For the right company, taking a case on a contingency or some sort of hybrid model with outside funding or putting your own firm’s skin in the game absolutely eases the pain to bring a lawsuit. But the fact of the matter is, everybody is doing it. And litigation still hasn’t had an uptick, so I don’t know if it will help much as far as driving a company’s willingness to file suit.

JG: How has McKool Smith responded to this flat demand for litigation? What are you guys doing?

DS: Really, more of the same. We’re a trial firm. We have about 175 lawyers, give or take. We are not really immune to the market pressures, but at the same time, we don’t for the most part have industry-focused practice groups. 

We are trial lawyers. What that means is we frequently see ourselves jumping into cases at the eleventh hour. In fact, we just got hired on a major antitrust suit in Texas that has been pending for several years and is going to trial in six or seven months. That’s actually not very uncommon.

What we do is try to distinguish ourselves based on results. Going back to 2013, I think we had 15 trials that year—which is crazy, more than a trial a month. For a small firm with only 40-something partners, that’s a lot of trials. Last year, we had something like six, and maybe nine or 10 the year before.  We’re in court a lot.

What we found is that if you want your everyday Big Law litigation firm to run the matter, we’re probably not for you. We tend to staff things pretty leanly. Part of that is we don’t have the luxury of throwing a lot of bodies at cases. But secondly, it’s sort of wasteful.

After you go to trial so many times, you start to see how cases get synthesized down to 12 or 15 hours a side. It’s impossible to present all that evidence, all that deposition testimony—the court is not going to tolerate it, the jury won’t listen to it. You start to realize how you can run your cases more efficiently, because most of it ends up falling to the cutting room floor once you get to trial.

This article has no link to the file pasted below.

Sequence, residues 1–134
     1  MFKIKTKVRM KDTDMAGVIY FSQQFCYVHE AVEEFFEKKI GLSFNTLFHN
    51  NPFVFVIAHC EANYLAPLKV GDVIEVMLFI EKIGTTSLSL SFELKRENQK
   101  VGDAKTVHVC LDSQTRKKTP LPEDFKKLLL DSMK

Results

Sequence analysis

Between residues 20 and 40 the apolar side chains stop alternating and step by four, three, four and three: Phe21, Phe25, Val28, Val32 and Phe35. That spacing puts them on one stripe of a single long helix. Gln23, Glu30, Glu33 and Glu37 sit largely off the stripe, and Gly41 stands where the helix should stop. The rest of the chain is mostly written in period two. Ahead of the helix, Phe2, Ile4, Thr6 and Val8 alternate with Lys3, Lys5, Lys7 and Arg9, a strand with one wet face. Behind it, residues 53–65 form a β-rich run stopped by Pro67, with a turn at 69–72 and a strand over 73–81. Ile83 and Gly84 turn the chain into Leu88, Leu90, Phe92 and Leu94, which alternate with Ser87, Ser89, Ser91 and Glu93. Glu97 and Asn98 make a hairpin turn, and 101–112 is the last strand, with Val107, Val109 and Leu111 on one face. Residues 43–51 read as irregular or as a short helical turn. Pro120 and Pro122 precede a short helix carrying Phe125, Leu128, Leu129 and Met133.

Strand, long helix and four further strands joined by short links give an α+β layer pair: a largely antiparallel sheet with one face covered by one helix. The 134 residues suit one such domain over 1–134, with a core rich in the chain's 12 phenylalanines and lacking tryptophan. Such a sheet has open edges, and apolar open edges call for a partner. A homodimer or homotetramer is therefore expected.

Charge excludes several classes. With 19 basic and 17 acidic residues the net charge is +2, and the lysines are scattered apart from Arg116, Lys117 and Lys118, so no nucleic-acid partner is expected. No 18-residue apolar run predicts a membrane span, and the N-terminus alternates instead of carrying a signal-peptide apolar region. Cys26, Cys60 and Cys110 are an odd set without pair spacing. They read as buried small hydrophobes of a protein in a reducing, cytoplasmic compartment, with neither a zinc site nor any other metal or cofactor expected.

JG: Your PR person called it “winning on a budget”—which I’m sure is appealing to clients.

DS: Definitely. We face the same client budgetary pressures that every law firm faces, no question…

I think like every firm, [we’re] always looking at the market trying to figure out how to build a better widget. But I think there’s only so much you can do to build a better widget—whether it’s cutting your rates or staffing more leanly or becoming smarter in the way you litigate—that’s pretty easy. Most law firms can do that.

What we really try to focus on is not just results, but our ability to try cases. What happens is, when we get hired the opposing counsel and opposing client know that we’re not just unafraid to go to court, we expect to go to court.

A lot of firms say that, and I think they mean it. But at the end of the day, clients look for results and experience. That’s what we try to focus on. You do what you need to do to try to help your clients with the fees and budget, but you also need to win.

We try to focus on getting them the results they want, and being trial-ready usually accomplishes that. It does drive settlements.

JG: From a client’s point of view, I’m sure they would rather not go to trial. They’d rather win on summary judgment. But if you’re going to go that far, you really have to deliver.

DS: Absolutely. And if you look to the life of a budget, more than two-thirds of your budget is going to be spent in the three months leading up to trial and the one month of trial. That is the most expensive part of the case.